There’s no doubt that our grandparents and their parents have a very strong collective memory of those times. And it’s true that the economic crisis really, really raised that—it was really a great social upheaval that we still talk about and that we associated with La Bolduc’s message: a message of resilience. So she was someone who helped people get through it, as they say.
However, you have to realize that her discography has not been very well preserved and that it took a great deal of research to retrieve it and give it a certain … cohesion, control; to acquire intellectual control, as we say in archive administration, of her discography, which is really quite considerable.
In terms of original, authentic records put out by Star and its affiliates, and which were—with which she had a contract, it’s really Library and Archives Canada that has the collection. Also, Library and Archives Canada played a large role in the establishment, cohesion and collection of her original recordings, which are saved on our site called the Virtual Gramophone. There is a good, comprehensive biography of La Bolduc on that site, and all of her recordings are saved there, several of which are contextualized. And it’s a tool—it really is the best tool.
There are certainly sites dedicated to La Bolduc: you can find her on YouTube—it has everything you need—there’s a movie, there’s … but it’s really Library and Archives Canada that has done all the work and research, on behalf of Library and Archives Canada, Robert Therrien and putting together the Virtual Gramophone, which remains the number one international resource for that repertoire—for La Bolduc’s repertoire, among others, and for the record, for the sound recordings that are part of our heritage.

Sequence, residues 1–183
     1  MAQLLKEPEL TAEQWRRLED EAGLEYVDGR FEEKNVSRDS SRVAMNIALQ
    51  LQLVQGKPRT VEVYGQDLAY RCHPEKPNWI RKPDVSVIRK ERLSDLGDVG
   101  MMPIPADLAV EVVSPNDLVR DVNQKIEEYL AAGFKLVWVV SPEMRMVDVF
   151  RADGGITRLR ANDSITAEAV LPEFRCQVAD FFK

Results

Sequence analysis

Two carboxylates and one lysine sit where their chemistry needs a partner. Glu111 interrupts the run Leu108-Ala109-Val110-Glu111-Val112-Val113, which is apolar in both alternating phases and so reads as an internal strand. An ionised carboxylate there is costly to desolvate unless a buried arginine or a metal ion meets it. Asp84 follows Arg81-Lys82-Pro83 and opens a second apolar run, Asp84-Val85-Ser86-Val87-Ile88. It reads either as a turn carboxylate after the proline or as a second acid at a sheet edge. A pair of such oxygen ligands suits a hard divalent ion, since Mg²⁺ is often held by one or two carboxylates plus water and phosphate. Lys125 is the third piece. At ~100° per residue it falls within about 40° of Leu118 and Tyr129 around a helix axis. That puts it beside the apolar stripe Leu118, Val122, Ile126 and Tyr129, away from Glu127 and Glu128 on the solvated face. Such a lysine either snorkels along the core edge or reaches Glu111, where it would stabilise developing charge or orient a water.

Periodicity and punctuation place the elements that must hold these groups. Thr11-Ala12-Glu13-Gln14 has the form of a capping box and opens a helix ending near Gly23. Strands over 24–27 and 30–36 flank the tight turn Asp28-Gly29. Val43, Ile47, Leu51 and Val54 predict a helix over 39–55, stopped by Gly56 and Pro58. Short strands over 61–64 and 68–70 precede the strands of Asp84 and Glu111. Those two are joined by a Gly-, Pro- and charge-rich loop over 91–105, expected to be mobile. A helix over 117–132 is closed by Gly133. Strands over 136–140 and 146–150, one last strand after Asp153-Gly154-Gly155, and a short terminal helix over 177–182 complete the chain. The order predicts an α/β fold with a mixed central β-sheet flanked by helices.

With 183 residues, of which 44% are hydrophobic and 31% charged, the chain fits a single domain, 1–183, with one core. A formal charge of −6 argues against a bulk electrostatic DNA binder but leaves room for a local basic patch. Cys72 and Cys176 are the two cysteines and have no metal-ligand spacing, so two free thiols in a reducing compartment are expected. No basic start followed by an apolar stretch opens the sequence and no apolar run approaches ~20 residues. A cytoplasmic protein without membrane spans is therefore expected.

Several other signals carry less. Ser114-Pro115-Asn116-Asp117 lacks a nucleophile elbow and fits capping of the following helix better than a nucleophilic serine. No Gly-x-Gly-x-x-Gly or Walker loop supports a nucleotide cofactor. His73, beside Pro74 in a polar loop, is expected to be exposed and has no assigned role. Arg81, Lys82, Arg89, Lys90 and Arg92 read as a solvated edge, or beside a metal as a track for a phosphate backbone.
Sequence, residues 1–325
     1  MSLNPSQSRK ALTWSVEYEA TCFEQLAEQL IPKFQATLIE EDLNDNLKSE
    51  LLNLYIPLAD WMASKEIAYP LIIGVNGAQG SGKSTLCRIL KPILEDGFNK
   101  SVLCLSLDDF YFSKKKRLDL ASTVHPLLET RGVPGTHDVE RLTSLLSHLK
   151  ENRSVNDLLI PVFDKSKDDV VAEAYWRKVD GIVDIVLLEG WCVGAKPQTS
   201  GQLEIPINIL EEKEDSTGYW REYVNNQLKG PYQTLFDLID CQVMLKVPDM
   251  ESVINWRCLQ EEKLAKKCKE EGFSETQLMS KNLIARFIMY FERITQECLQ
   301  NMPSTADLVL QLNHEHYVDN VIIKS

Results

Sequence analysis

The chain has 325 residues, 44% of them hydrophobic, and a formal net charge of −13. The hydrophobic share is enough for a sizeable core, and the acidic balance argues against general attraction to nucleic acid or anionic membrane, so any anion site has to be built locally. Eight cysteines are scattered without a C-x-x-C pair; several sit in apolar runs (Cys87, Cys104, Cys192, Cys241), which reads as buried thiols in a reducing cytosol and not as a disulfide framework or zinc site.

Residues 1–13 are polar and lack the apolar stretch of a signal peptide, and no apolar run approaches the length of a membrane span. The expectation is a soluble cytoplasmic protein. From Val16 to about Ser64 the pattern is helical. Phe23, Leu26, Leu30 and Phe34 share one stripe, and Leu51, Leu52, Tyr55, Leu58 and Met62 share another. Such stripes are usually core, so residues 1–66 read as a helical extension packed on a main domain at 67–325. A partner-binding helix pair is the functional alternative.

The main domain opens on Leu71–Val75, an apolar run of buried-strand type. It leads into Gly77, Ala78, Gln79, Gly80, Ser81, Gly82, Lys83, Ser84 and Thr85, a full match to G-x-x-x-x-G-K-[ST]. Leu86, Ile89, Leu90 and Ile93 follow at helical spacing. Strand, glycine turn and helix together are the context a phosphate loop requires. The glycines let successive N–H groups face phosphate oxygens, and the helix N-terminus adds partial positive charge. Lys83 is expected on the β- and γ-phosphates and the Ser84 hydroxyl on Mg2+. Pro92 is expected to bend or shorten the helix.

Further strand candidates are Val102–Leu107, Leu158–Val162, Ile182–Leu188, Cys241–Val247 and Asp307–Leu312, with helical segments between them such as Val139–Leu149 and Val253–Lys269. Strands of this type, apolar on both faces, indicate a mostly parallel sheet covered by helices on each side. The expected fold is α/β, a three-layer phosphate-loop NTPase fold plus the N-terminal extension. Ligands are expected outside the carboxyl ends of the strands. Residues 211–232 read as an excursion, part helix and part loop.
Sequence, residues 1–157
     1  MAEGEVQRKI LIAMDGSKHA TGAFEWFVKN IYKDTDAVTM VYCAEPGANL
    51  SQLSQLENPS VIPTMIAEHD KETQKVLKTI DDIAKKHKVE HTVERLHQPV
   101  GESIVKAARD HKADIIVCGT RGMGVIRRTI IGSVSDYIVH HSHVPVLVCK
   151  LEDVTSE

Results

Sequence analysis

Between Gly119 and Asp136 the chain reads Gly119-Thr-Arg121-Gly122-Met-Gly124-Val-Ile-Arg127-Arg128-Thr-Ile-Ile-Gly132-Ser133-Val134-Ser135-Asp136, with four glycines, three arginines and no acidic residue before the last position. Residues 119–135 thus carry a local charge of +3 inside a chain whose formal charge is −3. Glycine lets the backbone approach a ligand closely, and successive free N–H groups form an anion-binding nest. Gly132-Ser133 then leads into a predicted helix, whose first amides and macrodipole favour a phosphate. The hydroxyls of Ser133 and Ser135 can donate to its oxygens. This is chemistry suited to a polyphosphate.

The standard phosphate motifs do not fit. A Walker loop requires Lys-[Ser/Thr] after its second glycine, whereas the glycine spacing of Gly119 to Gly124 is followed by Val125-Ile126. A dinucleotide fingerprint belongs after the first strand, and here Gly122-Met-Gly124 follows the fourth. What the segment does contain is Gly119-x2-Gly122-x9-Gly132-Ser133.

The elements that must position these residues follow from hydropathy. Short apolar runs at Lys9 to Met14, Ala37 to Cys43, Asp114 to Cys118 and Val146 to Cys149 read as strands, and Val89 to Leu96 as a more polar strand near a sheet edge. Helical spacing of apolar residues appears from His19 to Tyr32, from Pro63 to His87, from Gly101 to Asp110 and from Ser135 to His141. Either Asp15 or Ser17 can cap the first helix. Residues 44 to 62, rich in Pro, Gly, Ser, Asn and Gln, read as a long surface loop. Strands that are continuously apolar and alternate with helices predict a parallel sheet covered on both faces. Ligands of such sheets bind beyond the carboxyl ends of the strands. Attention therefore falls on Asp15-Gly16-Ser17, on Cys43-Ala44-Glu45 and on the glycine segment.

JO: Do you think we can hear her influence in contemporary Quebec music?
RCT: Yes, of course, undoubtedly! There has been a lot recently—from the 90s up until today, let’s say—of interest in Quebec’s folk heritage, and we’ve seen the success of groups like La Bottine souriante, and other groups as well that have gone a bit, what we call “electro-folk-pop,” as well.
JO: Yes, of course! [laughter]
RCT: And, really, La Bolduc continues to be played. Her repertoire is still played and her musical style continues to be an inspiration today. So it’s become very contemporary. And of course we could get into all those contemporary professional folk musicians. And it’s associated with identity; folk music always is. It’s identity-based. There is a focus on resilience.
I use that word a lot, but music is a tool for resilience. Therefore, the more we are concerned about identity, the more those roots will be brought up. There is, therefore, all of that influence. And La Bolduc is very inspirational because of the large number of songs she produced. And there was that side I touched on—I don’t think we should overlook it: it’s the social side, the message—namely the presence, the quality of the message, whatever it may be.
But the fact that she is an inspiration because she was able to pass on a message that inspires today’s creators to imitate or take the essence of that creative strength. It’s inspiring. It’s actually inspiring for all musicians.
JO: To learn more about La Bolduc and Library and Archives Canada’s music collection, please visit us online at bac-lac.gc.ca. On our home page, select “Discover the Collection,” then click on “Browse by Topic” and select “Music, Films, Videos and Sound Recordings.” On this page, you will find links to multiple online resources, including the Virtual Gramophone Database.
Thanks for being with us. I’m Jessica Ouvrard, your host. You’re listening to “Discover Library and Archives Canada—where Canadian history, literature and culture await you.” I’d like to thank our guest today, Rachelle Chiasson-Taylor.
For more information on our podcasts, or if you have questions, comments or suggestions, please visit us at bac-lac.gc.ca/podcasts.